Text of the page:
NEWS BRIEFS: Bible reading changes views of conservatives & liberals, study says
WACO, Texas (BP)--One activity can bring Christians, whether conservative or liberal, together: reading their Bible, a Baylor University research assistant, has reported.
Frequently reading the Bible changed the attitudes of all Christians no matter their political background, Aaron Franzen reported in a news release from Baylor's Association of Religion Data Archives.
"Thus, even as opposition to same-sex marriage and legalized abortion tends to increase with more time spent with the Bible, so does the number of people who say it is important to actively seek social and economic justice," the ARDA release said.
Franzen said he believes little research has been done in this area of Christian life because so many people think they know what the Bible says and find reading it "a habitual and ultimately meaningless activity."
But the study, released in early July analyzing the Baylor Religion Survey's 2007 data, arrives at a different conclusion. Franzen's findings revealed that habitual Bible reading led to a consolidation of viewpoints on several political and social issues:
-- Almost half of the survey respondents who read their Bible less than once a year supported gay "marriage," while only 6 percent of those who dug into the Word several times a week or more believed gay couples should be able to obtain a marriage license.
-- As Christians read the Bible more frequently, they were 27 percent more likely to believe it is important to consume less to be a good person and 22 percent less likely to think science and religion are incompatible.
-- Bible readers also were more likely to be against abortion, expanding the government's authority to fight terrorism, harsher punishment of criminals and the death penalty.
However, the agreement on these issues from people in all political camps is not widespread because daily or weekly Bible reading is not as common as many would think, Franzen said.
The study showed that the majority of people do not read their Bibles frequently. Less than a quarter of those surveyed said they read Scripture weekly or more often.
CORAL RIDGE MINISTRIES CHANGING NAME -- Coral Ridge Ministries, founded by the late D. James Kennedy, pastor of Coral Ridge Presbyterian Church in Fort Lauderdale, Fla., is changing its name, almost four years after its founder's passing.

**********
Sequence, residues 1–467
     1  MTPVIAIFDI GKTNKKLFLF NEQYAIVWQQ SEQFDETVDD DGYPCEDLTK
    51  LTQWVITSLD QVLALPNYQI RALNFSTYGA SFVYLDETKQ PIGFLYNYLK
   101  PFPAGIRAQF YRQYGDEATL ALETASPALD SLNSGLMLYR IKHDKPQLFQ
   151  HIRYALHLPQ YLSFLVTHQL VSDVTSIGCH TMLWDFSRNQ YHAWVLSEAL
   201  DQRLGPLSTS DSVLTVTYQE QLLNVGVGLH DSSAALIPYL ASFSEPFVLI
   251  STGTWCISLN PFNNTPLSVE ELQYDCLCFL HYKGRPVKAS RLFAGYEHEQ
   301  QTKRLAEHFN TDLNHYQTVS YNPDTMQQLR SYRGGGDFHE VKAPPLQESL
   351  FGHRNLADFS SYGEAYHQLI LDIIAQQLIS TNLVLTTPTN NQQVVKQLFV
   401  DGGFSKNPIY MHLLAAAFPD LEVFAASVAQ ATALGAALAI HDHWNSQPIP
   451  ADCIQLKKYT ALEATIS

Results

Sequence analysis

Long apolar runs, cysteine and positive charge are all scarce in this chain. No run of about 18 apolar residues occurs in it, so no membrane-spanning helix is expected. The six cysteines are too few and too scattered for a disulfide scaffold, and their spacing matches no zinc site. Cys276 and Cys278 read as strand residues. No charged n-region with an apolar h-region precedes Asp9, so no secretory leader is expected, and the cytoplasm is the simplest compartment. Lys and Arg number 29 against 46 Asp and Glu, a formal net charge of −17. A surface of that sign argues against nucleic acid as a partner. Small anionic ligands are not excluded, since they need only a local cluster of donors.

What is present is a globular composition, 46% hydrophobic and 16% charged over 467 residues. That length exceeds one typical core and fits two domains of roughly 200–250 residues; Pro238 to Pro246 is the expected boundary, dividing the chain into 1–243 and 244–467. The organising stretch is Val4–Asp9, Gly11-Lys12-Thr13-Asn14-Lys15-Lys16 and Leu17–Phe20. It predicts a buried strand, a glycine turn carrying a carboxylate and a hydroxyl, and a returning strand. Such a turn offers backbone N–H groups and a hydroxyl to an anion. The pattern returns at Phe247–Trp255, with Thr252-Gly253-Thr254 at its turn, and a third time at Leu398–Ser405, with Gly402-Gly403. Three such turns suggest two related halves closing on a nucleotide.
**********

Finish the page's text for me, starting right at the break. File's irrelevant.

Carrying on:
The new name, Truth in Action Ministries, was announced July 20 in connection with several changes in Coral Ridge television and radio programming.
The transition is being implemented "to aid the outreach as it seeks to advance biblical truth and equip believers to make a difference in their local communities," Hector Padron, executive vice president of Truth in Action Ministries, said in a July 20 press release. The new ministry name is "a means to reach more people and have a bigger impact on the culture by not just educating people on social issues and biblical worldview, but motivating and activating them to make a difference for the Kingdom.... We will continue to fulfill Dr. Kennedy's vision of presenting biblical truth in love and without compromise through the media."
The name was approved in 2010 by the Coral Ridge Ministries Board and was finalized "after more than a year of prayer, planning, consulting with outside organizations, and talking with ministry friends and supporters," the press release said.
The newly renamed TV program, "Truth That Transforms with Dr. D. James Kennedy," will continue to present pulpit messages from Kennedy and features on current moral and social concerns, according to the statement.
Kennedy, whose Evangelism Explosion lay-witnessing method helped lead millions of people to Christ, died Sept. 5, 2007, at age 76 following complications from a Dec. 28, 2006, heart attack. Tullian Tchividjian, a grandson of Billy Graham, was chosen to succeed Kennedy as pastor of the church in 2009.
Compiled by Whitney Jones, a student at Union University in Jackson, Tenn., who is serving as an intern with Baptist Press, and Baptist Press assistant editor Mark Kelly.